This may not be a surprise to many of you, but I have never been a runner. Ever. I was a walker though! I worked hard at getting in as many steps as possible until I just wore my feet out, I guess.
The only running I have done though, is either to God, or unfortunately, sometimes from Him…
I’m pretty sure you can all guess how well all that worked for me. I thank God every single day that even with the times I ran from Him, I eventually did a U-turn and ran back again.
Sometimes, when we are drowning in the pain, the sorrow, or the loneliness, we forget that there is only one way back to the wholeness and peace that only the love of Jesus Christ can give us. We may try everything else under the sun but we will never fill that hole in our soul without Him.
If you are running away from God, it’s only going to get worse. On the other hand, if you are running TO God, you will find yourself curled up safely in the arms of a loving Savior. Are you a runner? If so, which way are you running?
Run to God with Your Pain
By RICK WARREN (FROM WHERE IS GOD WHEN IT HURTS)
“We were really crushed and overwhelmed, and feared we would never live through it. We . . . saw how powerless we were to help ourselves; but that was good, for then we put everything into the hands of God, who alone could save us.”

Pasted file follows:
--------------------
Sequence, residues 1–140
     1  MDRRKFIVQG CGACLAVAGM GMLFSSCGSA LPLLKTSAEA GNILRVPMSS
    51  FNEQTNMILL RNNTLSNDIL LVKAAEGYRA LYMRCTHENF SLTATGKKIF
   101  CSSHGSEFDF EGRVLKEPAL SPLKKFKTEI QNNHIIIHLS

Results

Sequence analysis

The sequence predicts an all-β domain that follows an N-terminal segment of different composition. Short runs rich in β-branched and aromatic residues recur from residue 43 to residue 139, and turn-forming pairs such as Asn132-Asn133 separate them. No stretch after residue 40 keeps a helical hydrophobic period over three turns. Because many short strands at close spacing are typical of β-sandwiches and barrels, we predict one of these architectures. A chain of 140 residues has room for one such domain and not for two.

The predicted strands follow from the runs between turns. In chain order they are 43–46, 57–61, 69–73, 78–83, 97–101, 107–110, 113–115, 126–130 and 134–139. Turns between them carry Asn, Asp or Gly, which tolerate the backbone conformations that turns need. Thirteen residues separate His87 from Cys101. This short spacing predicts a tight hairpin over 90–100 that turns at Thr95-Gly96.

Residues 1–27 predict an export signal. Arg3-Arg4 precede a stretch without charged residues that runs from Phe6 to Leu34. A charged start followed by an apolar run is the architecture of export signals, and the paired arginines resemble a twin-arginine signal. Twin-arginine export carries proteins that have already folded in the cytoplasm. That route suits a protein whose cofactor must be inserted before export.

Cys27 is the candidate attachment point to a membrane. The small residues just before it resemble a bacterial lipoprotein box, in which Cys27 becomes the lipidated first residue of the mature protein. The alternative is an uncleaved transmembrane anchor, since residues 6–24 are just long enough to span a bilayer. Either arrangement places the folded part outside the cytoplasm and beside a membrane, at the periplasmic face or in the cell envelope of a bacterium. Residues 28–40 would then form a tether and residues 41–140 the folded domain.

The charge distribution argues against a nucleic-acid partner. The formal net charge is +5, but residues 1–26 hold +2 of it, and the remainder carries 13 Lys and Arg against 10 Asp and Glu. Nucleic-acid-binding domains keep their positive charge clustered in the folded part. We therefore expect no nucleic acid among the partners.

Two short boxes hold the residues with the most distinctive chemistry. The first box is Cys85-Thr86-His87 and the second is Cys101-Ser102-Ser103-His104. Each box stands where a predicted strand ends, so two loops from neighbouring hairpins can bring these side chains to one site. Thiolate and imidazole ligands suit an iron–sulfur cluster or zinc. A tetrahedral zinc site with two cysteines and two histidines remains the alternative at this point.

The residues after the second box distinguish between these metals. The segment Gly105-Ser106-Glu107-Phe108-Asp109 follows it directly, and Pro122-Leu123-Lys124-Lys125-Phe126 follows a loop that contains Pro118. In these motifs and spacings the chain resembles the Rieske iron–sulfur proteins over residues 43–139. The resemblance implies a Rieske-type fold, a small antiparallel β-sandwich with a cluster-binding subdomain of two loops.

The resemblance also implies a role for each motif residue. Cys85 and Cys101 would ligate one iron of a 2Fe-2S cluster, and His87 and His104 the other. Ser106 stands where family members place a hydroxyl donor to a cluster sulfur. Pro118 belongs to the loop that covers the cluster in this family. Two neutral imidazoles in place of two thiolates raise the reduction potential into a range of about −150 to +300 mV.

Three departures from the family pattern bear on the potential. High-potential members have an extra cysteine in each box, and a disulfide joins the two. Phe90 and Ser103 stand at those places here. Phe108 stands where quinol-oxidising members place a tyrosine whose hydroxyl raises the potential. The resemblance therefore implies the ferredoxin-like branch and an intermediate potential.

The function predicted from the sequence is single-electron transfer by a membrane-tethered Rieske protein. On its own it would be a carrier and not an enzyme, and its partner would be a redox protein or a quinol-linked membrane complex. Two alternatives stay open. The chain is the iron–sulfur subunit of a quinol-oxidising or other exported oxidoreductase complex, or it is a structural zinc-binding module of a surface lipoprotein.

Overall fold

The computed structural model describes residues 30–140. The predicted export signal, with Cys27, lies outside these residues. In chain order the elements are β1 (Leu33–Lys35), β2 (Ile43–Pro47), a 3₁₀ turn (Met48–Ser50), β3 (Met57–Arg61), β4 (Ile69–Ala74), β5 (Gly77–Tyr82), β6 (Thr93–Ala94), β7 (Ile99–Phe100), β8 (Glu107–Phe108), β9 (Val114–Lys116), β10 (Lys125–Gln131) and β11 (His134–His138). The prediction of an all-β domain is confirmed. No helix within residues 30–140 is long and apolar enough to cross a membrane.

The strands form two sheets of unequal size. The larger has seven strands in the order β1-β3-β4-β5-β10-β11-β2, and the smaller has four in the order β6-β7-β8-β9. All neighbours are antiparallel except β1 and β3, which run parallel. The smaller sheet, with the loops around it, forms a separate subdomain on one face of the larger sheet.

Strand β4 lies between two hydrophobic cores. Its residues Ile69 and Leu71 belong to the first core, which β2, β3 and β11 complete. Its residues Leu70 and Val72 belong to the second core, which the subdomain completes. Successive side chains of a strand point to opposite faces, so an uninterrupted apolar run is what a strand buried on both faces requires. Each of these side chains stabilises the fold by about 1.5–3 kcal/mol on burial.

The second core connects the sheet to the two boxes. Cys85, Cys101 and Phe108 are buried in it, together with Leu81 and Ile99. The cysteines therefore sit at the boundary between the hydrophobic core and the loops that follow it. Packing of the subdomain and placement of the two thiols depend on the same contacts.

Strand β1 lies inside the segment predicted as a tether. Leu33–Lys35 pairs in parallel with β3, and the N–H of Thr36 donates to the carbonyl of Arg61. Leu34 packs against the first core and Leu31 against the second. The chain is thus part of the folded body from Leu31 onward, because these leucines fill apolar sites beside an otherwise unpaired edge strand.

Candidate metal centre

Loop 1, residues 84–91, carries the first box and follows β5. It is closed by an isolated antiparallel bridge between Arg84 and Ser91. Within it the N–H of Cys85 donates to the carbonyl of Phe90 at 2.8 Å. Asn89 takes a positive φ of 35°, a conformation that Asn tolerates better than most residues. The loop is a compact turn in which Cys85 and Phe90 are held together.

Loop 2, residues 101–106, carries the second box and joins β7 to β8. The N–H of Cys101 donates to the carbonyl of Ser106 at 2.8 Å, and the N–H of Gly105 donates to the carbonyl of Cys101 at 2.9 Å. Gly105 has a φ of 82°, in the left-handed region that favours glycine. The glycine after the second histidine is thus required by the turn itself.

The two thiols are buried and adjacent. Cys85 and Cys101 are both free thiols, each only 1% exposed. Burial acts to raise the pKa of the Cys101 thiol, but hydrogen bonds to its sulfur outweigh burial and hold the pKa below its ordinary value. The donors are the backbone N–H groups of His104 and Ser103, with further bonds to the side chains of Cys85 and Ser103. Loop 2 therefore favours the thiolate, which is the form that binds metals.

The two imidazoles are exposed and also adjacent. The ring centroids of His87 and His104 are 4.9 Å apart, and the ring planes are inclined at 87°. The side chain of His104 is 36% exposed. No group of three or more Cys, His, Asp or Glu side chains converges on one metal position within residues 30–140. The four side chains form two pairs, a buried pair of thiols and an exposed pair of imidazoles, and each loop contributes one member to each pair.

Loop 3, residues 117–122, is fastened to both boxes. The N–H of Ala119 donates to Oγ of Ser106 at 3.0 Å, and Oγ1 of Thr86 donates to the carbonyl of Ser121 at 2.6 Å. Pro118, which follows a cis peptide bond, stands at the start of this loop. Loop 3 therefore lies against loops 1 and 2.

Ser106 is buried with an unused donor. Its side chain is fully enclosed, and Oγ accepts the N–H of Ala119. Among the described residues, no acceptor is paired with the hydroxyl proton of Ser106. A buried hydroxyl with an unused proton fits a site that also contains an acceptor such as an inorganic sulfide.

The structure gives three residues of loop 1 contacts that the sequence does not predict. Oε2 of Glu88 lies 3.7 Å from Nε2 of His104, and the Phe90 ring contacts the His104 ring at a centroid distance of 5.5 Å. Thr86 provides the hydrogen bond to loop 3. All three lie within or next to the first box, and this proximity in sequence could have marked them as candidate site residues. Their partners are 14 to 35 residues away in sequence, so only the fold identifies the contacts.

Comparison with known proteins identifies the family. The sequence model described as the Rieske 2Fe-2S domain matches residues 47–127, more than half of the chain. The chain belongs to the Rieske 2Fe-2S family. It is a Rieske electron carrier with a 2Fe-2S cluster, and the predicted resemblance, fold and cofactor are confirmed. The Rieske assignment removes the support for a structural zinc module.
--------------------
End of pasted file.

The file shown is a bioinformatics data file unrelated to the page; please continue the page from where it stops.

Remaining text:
2 Corinthians 1:8-9 (TLB)
Whenever you experience something painful in your life, you have a choice: You can run from God, or you can run to God.
Running from God never made sense to me. How are you going to get any comfort when you’re running from the greatest source of comfort? I’ve spent more time alone with God in the years since my youngest son died than in all the previous years. In the grief of that loss, what kept me going through all my painful days was worshipping God and being close to him.
If you’ll choose to run to God, you can use your pain to draw closer to him in worship. How do you do that? You don’t tell him what you think you ought to say. Instead, you tell him exactly how you feel. You argue with him and tell him that you don’t like the pain. This is called lament. The Bible is full of people crying out to God in lament, including one-third of the psalms.
Even complaining to God is an act of worship. You can worship in all the phases of grief. You can express your shock. You can unload your sorrow. You can share your struggle. You can surrender. You can ask God to use the pain for good in your life.
Paul does this in 2 Corinthians 1:8-9. He says, “We were really crushed and overwhelmed, and feared we would never live through it. We . . . saw how powerless we were to help ourselves; but that was good, for then we put everything into the hands of God, who alone could save us” (TLB).
I’ve heard thousands of stories of people who came to know Jesus out of their pain, whose lives were totally transformed in the process of worshiping when they were in pain. And I can say to them, like Paul said in 2 Corinthians 7:9, “I am glad . . . not because it hurt you but because the pain turned you to God” (TLB).
When you’re in pain, it’s not a time to run away from God. It’s a chance for you to draw close to God, trust him more, worship him more, and—ultimately—know and love him more.